*The Healthy But Smart review states that the containers can’t be upgraded for the E310 but I contacted Vitamix to double check and they told me that the E310 is a Classic C-Series model so the C-Series containers are compatible, specifically “the 64 ounce classic (2 litre), the 48 ounce (1.4 litre), the 32 ounce (wet and dry, 0.9 litres), the Aer Disc, and the Personal Cup Adapter”.
A cheaper, utilitarian model
The E310 is at the lower end of the price scale for a Vitamix blender because it has zero bells and whistles and is as basic as a Vitamix gets. There’s no power switch on the side, no presets, no timer, no SELF-DETECT™, no wireless connectivity - just an on/off toggle, a pulse toggle and a speed dial. I don't mind this at all as it makes the blender incredibly easy to use; just flip the switch, dial up the speed, blend, turn off, done.
The smoothest smoothies
The first smoothie I made came out so velvety smooth I was astounded (sorry for the overuse of “smooth” but there’s no other word for it). I’m used to the Nutribullet, which I think makes a great smoothie but this is on a whole other level. I immediately cleaned the container and refilled it with what I considered to be a challenge: 1 cup of water, 2 satsumas, 2 carrots roughly cut into 2” pieces, a tiny knob of ginger and a handful of ice - blended on speed 10 for 1 minute. While I can’t quite call it carrot juice, in the sense that juice has been extracted from a carrot with all solids removed and only liquid remaining, it’s very close and, even better, all the pulp, fibres and goodness are still in the drink. I’ve since realised that carrots pose no challenge whatsoever for a Vitamix, which is great as I’m pretty sure I would have burnt out the motor of my Nutribullet had a carrot gone anywhere near it.
Frozen fruit is fine
I read many, many reviews before buying the E310 and my main concern was that several people reported that the blender struggles with frozen fruit. 90% of my smoothies include some form of frozen fruit so this would be a deal breaker for me. I couldn’t understand it though, as my Nutribullet coped fine as long as the liquid levels were sufficient and the E310 has a 2 horsepower motor. Vitamix replied to a lot of the complaints advising that ingredients need to be added to the container in the correct order: “liquids first, then dry goods, leafy greens, fruit and veggies and finally ice and frozen ingredients”. To date I haven’t had any issues with frozen fruit or ice and I’ve yet to find any lumps or chunks in my smoothies.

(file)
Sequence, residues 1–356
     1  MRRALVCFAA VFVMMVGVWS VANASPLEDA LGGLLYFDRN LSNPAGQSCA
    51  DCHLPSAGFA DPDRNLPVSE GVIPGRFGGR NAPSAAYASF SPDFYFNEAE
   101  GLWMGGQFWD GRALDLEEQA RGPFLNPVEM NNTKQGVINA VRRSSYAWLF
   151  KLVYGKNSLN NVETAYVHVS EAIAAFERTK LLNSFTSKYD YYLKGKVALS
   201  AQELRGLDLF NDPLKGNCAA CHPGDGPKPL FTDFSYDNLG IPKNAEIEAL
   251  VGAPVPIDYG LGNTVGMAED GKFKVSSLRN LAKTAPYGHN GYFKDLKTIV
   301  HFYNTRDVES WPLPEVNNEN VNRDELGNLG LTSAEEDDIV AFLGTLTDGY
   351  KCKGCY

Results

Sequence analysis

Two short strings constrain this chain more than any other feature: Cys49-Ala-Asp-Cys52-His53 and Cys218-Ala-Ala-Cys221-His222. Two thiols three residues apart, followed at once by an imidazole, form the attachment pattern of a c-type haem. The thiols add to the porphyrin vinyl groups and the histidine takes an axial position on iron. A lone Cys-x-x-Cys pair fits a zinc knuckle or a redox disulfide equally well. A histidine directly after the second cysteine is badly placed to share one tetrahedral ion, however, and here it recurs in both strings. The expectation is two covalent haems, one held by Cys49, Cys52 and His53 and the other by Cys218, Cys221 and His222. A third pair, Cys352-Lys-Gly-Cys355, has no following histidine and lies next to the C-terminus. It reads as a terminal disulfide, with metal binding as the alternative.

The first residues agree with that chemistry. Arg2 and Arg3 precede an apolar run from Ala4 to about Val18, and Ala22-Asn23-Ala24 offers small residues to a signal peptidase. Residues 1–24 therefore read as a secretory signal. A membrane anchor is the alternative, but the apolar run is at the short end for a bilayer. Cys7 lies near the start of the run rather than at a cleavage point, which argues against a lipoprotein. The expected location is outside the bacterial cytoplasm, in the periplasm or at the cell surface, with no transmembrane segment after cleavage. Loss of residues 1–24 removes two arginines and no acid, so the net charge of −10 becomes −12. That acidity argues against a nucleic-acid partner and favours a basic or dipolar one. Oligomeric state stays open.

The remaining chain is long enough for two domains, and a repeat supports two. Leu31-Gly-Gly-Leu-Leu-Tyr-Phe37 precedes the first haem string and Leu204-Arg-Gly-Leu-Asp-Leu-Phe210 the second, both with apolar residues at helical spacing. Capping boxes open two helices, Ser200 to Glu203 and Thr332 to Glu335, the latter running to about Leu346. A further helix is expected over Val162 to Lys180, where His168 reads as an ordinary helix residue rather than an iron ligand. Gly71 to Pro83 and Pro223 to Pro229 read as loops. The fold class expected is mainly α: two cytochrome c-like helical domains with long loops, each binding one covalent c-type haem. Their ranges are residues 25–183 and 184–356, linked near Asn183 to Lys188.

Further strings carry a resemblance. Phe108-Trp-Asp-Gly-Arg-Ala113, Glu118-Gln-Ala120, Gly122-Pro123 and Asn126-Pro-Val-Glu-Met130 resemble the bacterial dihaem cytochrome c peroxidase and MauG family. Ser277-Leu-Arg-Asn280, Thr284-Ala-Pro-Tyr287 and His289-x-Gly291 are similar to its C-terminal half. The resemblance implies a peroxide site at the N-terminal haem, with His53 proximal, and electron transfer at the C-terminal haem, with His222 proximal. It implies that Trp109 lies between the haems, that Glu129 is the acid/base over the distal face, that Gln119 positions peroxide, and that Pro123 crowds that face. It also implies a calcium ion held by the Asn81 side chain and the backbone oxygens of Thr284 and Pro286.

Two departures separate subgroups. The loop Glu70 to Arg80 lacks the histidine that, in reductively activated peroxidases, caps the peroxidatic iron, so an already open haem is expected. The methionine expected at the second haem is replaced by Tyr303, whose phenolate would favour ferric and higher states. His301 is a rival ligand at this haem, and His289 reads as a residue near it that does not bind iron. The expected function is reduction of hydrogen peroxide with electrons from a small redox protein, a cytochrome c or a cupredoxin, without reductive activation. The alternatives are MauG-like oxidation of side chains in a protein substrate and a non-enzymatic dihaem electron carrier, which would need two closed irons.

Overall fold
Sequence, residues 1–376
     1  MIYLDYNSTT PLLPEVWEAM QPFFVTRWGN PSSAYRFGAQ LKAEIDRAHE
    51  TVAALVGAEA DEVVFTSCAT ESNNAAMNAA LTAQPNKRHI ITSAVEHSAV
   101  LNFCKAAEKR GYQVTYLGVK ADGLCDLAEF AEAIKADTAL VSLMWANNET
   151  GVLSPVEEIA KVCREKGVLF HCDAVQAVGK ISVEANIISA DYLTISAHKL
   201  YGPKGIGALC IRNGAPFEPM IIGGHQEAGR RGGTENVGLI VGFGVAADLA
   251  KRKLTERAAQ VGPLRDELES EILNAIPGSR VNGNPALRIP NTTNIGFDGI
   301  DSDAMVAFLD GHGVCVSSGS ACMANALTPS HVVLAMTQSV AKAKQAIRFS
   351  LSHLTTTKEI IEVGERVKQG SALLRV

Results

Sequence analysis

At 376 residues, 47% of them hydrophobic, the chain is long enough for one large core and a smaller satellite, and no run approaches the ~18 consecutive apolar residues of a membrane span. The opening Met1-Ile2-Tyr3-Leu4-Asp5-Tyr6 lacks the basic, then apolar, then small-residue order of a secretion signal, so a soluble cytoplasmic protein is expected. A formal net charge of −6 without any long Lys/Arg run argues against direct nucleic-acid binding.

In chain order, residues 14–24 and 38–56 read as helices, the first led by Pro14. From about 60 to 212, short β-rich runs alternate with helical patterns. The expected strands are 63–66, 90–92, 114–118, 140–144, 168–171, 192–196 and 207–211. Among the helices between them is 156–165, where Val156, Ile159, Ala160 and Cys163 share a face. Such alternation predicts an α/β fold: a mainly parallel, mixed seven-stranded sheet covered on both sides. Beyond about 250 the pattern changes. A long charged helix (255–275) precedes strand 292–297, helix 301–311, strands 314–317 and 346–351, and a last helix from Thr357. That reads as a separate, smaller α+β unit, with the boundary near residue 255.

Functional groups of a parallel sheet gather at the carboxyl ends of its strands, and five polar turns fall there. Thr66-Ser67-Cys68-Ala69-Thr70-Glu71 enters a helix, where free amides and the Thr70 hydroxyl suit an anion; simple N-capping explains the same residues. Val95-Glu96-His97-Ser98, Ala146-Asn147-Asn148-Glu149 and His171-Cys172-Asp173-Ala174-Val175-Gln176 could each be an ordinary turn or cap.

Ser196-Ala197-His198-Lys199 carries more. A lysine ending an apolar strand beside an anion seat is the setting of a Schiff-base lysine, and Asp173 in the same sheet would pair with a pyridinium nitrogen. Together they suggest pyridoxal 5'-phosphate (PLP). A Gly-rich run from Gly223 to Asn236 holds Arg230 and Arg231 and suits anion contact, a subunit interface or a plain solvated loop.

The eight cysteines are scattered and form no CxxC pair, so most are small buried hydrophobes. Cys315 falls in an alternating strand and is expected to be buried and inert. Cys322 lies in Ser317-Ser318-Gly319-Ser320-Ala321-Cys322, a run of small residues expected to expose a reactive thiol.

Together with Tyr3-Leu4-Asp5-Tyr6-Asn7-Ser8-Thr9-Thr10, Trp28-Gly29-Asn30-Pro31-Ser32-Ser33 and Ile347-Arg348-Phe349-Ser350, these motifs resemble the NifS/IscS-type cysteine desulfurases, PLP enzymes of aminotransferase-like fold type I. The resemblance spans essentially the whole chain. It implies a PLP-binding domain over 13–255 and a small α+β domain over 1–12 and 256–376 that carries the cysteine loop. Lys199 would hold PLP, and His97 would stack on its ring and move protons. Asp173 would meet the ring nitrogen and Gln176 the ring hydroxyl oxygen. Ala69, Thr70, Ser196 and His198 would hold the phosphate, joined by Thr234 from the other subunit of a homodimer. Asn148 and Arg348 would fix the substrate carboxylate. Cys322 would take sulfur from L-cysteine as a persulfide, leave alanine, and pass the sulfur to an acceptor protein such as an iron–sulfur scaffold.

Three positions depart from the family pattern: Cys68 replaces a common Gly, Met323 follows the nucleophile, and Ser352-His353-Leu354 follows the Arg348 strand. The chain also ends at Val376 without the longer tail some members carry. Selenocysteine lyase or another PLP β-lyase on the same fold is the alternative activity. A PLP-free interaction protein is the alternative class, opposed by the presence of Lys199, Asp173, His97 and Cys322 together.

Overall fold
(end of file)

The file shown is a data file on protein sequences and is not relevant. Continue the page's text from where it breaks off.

Other negatives in reviews that I haven’t encountered
Some people have found that the base of the E310 sometimes “walks” across their countertop while blending. They might be processing hardier ingredients than me but I’ve never had this happen and I feel comfortable walking away from the E310 while it’s blending.
The Vitamix container drops onto the base and there’s no clipping or pushing it into place to lock it. Some people have complained that it doesn’t feel secure (I don’t agree) and that once the speed is turned up high, the container shifts a little to the right. This is definitely true and it’s quite odd; you can see it happening in Blending with Henry’s video review when he turns up the dial to make peanut butter. Initially I wondered why Vitamix didn’t create more of a snug connection to stop the shift but I believe it’s because a super tight fit would cause more wear and tear on the motor and container. Vitamix responded to one of the complaints stating that the shift is normal and that it’s not a good idea to hold the container in place to stop it from happening. Once the container has shifted it’s fine to hold it down if you’re worried it’s not secure but I don’t feel the need.
Other complaints mention that ingredients can stick to the sides of the container and not get blended but that’s what the tamper is for.
Easy to clean
The E310 container, lid and lid plug are dishwasher safe but they can also be cleaned in the usual Vitamix way, by rinsing out the container, adding a drop of detergent and half filling it with warm water then running the blender for 30-60 seconds. I usually do this or I sometimes hand wash the container as I worry that the dishwasher might make it cloudy.
That’s another complaint - after a while the container gets scratched and cloudy. Mine got scratched near the bottom after a few uses but I would expect this given that I blend tough vegetables, dates and occasionally seeds. It’s too soon to tell regarding cloudiness and I’ll update my review in due course. I wish Vitamix made glass containers but I don’t think glass is compatible with the speed of the motor. My Phillips blender had a lovely glass jug but the motor was nowhere near as powerful and the smoothies it produced were of the chunky, lumpy variety.